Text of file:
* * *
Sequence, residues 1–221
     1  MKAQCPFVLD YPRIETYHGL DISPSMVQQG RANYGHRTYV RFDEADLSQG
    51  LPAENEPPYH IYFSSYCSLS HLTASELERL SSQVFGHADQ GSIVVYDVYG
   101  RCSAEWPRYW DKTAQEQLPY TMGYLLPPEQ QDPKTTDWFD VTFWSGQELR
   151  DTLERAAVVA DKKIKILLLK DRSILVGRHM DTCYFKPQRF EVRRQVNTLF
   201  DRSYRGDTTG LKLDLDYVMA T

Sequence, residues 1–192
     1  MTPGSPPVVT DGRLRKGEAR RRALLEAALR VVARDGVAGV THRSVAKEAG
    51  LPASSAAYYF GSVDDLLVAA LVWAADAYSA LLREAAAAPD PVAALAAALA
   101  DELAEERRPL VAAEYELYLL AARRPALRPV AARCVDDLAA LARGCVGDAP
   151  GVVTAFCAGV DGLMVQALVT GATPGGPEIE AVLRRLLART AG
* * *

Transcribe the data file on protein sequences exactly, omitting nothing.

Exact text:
Sequence, residues 1–221
     1  MKAQCPFVLD YPRIETYHGL DISPSMVQQG RANYGHRTYV RFDEADLSQG
    51  LPAENEPPYH IYFSSYCSLS HLTASELERL SSQVFGHADQ GSIVVYDVYG
   101  RCSAEWPRYW DKTAQEQLPY TMGYLLPPEQ QDPKTTDWFD VTFWSGQELR
   151  DTLERAAVVA DKKIKILLLK DRSILVGRHM DTCYFKPQRF EVRRQVNTLF
   201  DRSYRGDTTG LKLDLDYVMA T

Sequence, residues 1–192
     1  MTPGSPPVVT DGRLRKGEAR RRALLEAALR VVARDGVAGV THRSVAKEAG
    51  LPASSAAYYF GSVDDLLVAA LVWAADAYSA LLREAAAAPD PVAALAAALA
   101  DELAEERRPL VAAEYELYLL AARRPALRPV AARCVDDLAA LARGCVGDAP
   151  GVVTAFCAGV DGLMVQALVT GATPGGPEIE AVLRRLLART AG